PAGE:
Along with performing, the band societies also are involved in education. There are municipal conservatories throughout Valencia province where children can learn to play an instrument, but most of the band societies have their own schools set up. There is a tradition in Valencia that all children who want to play an instrument, must take two years of solfége first. There would be a solfége teacher from the band who would start teaching children usually at eight years of age. After the two years of solfége, the children would be given an instrument and would study with a private instructor from the band. A junior band is often formed with the students during their second year of playing an instrument. The Valencians in general like bands that are very big, so it usually does not take a child very long until he or she becomes a performer in the regular band of the society. It is very common to have bands of more than one-hundred musicians.

Many of the social clubs that sponsor the bands are very prominent in the community. There are three towns in Valencia province that boast the best bands of Valencia. The towns of Llíria, Buñol and Cullera each have two very large bands. Each of these six bands is a very large and expensive operation. Each of these band societies owns a building for its band's rehearsals as well as a concert hall and a restaurant/bar. The concert hall is sometimes used as a movie theater on the week-ends to help raise money for the society. It is in these bands where the conductors are the best paid, because they have the most pressure to produce prizes.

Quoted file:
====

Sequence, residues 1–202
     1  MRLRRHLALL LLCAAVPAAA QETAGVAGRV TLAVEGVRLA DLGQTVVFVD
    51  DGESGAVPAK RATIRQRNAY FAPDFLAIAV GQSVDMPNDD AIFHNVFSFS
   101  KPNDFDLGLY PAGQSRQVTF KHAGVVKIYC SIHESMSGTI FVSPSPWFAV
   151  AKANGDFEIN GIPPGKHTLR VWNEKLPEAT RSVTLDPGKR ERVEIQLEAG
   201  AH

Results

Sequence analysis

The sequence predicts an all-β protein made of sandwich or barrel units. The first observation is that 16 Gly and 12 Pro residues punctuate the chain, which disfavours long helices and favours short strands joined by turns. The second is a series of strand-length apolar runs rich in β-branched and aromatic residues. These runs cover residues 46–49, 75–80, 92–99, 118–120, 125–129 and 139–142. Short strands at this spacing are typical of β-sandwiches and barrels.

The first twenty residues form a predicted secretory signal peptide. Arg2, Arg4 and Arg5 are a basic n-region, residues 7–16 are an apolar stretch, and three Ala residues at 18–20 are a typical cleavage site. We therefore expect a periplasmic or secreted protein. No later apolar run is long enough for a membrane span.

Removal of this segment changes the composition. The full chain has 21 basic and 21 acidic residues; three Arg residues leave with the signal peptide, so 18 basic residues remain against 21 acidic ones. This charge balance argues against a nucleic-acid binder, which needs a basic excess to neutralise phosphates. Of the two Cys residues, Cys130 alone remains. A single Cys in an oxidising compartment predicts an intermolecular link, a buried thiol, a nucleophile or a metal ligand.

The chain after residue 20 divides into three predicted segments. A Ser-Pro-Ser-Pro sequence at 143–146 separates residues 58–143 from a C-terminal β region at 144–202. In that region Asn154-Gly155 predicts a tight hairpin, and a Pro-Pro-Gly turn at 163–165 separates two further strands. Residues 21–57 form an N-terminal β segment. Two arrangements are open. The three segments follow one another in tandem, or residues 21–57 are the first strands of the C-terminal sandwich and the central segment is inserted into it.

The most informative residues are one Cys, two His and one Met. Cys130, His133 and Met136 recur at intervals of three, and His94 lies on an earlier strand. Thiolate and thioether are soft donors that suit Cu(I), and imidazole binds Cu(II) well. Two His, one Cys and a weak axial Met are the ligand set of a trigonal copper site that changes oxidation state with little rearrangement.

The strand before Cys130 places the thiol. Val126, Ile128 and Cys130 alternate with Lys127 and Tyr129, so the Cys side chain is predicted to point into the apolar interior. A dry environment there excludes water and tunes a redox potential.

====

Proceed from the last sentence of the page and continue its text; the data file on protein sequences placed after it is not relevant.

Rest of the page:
In the towns of Llíria, Buñol and Culleray the bands are sometimes thought of more like sports teams than music organizations. If a person walks into a shop in these three towns they are immediately asked which band he or she belong to. This is usually followed by cheers or jeers from the shop owner, since the shop owner is probably a member of one of the two bands. In Buñol there is one special concert in August called the "Mano a Mano" (hand to hand) when both of the Buñol bands play one after the other in one concert. This informal competition leads to much discussion in the style of "Monday morning quarterbacking". Of course the social members of La Artistica or "Los Feos" (the uglies) always will say that their band played better and the members of C.I.M. La Armonicia or "Los Litros" (the liters) will always say that their band played better. There is a similar "mano a mano" in Llíria in September, and during the month of July in Cullera, the bands do not play in a "mano a mano", but alternate on Sundays.